A Trip Report
On June 1st, Teslin and I made Kings Peak our goal. It was the perfect day for the hike. The sky was clear and blue, the temperature stayed moderate and true to Vancouver Island in June.
If my lack of actual writing, photo editing and general creation of this website is any indication, I’ve been extremely busy. Almost two months later and this trip report is rather fuzzy. But the important bits have been noted, and I hope that if you are reading this in hopes of attempting Kings, that no matter when you do it, you will go back again in May/June.
Happy Birthday Teslin! What a better way to spend a birthday, then a moderate 10 hr hike up such a prestigious mountain, with panoramic views of almost all the major peaks on our island home!
After a day spent climbing at Crest Crags, we drove out to the trailhead to spend the night. In order to cut back on hiking time (about half an hour), we parked higher up on an old road that cuts through the trail. 4×4 and/or high clearance is needed to get through this road. Initially waking up at 6am, we favoured a better sleep-in and stayed cozy in the truck bed until 7am when we finally made tea, attempted a light breakfast and hit the trail.
For once, I decided to lead the charge and with my trail runners, found myself going way to quick up the easy switchbacks that make up the first couple of kilometres. We slowed down a little and chose instead to take our time and enjoy the hike. This trail has been very well maintained and offers its users quite a view of the surrounding hills and forests. Keep an eye on the forest! These trees are huge!
Once we broke out into the meadow (a few hours), we hit some snow and I opted to trade my trail runners for my North Face boots (very comfy– but not great hiking attire). At the end of the meadow we decided to take a short break and sit on some large rocks, admiring the rock faces that rose above us.
The route we chose to go up was through the North West gully. It went steep, so the use of an ice axe was needed, but the snow was excellent quality and we didn’t need the crampons. It took a little while to get up here as I am still lacking in the cardio department and I was rather enjoying the steep climb up the gully. It was a little unnerving at times when it narrowed and the bergschrunds (for lack of a better term) appeared on either side. The waterfall that takes over the gully in the summer could be heard under the snow and peering over the edges gave me a little sense of vertigo. Keep away these areas!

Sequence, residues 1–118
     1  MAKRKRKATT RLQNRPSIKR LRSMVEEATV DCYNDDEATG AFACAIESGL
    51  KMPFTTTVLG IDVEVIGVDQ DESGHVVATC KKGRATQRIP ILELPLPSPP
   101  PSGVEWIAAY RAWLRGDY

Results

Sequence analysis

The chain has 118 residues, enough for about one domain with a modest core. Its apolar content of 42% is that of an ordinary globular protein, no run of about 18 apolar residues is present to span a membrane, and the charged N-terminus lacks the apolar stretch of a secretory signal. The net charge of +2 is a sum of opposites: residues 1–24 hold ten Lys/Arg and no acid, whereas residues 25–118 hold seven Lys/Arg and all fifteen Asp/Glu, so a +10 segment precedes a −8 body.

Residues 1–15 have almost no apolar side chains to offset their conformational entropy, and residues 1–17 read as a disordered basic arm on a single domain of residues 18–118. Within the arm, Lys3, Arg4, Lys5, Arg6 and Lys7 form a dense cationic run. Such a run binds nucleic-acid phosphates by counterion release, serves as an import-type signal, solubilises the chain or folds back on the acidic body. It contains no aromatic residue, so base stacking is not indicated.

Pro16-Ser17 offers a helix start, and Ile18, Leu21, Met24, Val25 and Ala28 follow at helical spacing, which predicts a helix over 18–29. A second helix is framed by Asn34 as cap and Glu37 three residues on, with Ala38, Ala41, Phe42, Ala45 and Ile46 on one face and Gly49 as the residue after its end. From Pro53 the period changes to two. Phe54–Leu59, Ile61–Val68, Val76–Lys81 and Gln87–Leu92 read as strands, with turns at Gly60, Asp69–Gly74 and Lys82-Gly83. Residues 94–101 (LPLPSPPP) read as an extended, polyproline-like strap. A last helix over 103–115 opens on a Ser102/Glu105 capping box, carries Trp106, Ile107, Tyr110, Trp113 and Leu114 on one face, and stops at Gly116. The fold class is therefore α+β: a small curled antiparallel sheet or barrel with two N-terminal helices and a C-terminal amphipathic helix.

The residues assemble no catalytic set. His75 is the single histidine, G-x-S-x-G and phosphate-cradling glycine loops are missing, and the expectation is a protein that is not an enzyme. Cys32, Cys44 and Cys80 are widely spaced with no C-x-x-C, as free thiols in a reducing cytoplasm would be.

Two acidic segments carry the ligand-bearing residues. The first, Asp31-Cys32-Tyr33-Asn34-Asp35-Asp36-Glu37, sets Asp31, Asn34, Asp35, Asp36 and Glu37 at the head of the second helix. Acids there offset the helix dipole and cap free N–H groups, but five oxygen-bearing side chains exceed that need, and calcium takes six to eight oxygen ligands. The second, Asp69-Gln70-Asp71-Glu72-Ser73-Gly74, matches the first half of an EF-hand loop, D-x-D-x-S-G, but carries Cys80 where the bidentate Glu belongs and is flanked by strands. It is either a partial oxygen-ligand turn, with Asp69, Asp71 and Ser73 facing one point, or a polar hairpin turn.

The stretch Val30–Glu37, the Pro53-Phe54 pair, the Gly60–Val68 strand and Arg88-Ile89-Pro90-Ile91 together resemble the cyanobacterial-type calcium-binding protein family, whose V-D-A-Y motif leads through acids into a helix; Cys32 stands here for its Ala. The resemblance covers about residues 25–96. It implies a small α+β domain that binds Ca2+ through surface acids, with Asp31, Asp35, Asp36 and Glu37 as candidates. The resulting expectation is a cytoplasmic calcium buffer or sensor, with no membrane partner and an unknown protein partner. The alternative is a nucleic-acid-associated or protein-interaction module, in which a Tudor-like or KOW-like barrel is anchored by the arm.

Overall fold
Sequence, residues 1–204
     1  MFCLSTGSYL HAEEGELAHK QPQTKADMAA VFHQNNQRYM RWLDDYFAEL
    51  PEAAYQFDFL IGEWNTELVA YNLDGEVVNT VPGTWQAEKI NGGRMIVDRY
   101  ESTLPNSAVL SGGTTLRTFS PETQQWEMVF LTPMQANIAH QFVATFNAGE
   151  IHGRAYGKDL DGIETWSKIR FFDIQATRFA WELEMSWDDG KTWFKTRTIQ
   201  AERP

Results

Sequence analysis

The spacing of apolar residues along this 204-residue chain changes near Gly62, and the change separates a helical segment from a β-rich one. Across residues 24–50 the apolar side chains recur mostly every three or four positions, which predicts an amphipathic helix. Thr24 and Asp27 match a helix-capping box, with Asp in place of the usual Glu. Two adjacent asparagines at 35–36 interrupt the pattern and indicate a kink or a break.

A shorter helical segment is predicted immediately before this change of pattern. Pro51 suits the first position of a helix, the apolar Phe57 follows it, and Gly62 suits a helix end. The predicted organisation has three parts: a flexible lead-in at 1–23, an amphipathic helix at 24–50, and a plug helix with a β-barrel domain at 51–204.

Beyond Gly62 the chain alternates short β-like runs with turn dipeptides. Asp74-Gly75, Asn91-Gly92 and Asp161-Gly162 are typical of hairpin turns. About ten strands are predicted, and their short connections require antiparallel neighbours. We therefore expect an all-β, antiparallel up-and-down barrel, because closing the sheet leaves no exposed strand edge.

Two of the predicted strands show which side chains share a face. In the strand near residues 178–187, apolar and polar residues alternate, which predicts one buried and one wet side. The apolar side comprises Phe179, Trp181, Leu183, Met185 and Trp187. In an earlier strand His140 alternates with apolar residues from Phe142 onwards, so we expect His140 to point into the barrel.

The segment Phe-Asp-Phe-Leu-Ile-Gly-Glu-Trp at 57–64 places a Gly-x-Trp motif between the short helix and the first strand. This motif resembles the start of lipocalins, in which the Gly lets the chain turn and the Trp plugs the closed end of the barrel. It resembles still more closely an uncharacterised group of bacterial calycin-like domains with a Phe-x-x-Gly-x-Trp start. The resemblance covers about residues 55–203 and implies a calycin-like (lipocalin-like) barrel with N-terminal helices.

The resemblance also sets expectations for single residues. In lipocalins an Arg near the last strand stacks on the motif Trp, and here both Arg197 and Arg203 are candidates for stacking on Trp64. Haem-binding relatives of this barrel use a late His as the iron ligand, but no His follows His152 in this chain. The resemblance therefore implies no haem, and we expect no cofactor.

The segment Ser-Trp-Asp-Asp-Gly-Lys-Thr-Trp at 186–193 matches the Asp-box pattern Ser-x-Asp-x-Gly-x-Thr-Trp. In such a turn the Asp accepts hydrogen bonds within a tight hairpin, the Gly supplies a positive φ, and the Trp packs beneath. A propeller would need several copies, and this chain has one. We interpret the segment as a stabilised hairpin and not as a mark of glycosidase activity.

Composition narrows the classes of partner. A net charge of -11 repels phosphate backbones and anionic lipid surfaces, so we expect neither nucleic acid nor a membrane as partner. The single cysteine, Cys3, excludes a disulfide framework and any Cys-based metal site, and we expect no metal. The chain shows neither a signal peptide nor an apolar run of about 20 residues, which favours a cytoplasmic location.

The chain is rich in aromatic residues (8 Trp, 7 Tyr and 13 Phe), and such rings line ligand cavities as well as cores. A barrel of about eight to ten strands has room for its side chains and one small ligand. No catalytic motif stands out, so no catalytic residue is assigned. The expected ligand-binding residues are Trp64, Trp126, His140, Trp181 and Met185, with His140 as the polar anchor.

At the beginning of the glacier, we sat down for another quick rest to munch on trail mix and enjoy the view, with the sun rising above the rock behind us and warming our backs.
Not far past Teslin in that photo is the top of the glacier. Reaching that point took my breath away, as Elkhorn rose dramatically in front of us and the entire Elk Valley could be seen. Elkhorn is a sexy mountain, we both agreed. I knew at that point that I would be climbing that summit soon.
We made the summit in good time and relaxed for over an hour. It was warm, light breeze, and we could see exceptionally far. The best summit day that I have had to date (even including now). Pointing out all the peaks that I want to climb was fun. I’d never see Elkhorn, Foster, Rambler, Golden Hinde or Victoria in person before, and I was happy to be able to identify all of them so easily.
For the descent, we chose to take the hiker’s route as I didn’t really want to descend the gully and felt it would be a worthwhile experience to take the full route. We lost the trail multiple times and it took us longer then it likely should have to reach the meadow again. Random, deep patches of snow as we hiked along the ridge made it difficult to find the proper way down, although we certainly found other areas! It was reaching 2pm for our descent and the day was starting to get hot. I got a little nervous at one point when we got lost and the heat started to rise. In my usual clumsy fashion, I’d smashed my head rather good with the pick on my ice axe and caused some minor bleeding and dizziness. Some sniffs of my essential oil blend and locating the trail again dispelled my uneasiness immediately and we found our way back to the meadow with relative ease.
We took another quick break in the meadow again, hiding in the shadow of a large rock and munching on the remnant’s of my trail mix (since Teslin had forgotten his lunch!). Good thing I’m always over prepared! Truck back to truck was 10.5 hours, including our multitude of breaks and hour at the summit. Easily doable in far, far less. I cannot wait to see what this place looks like in the middle of winter!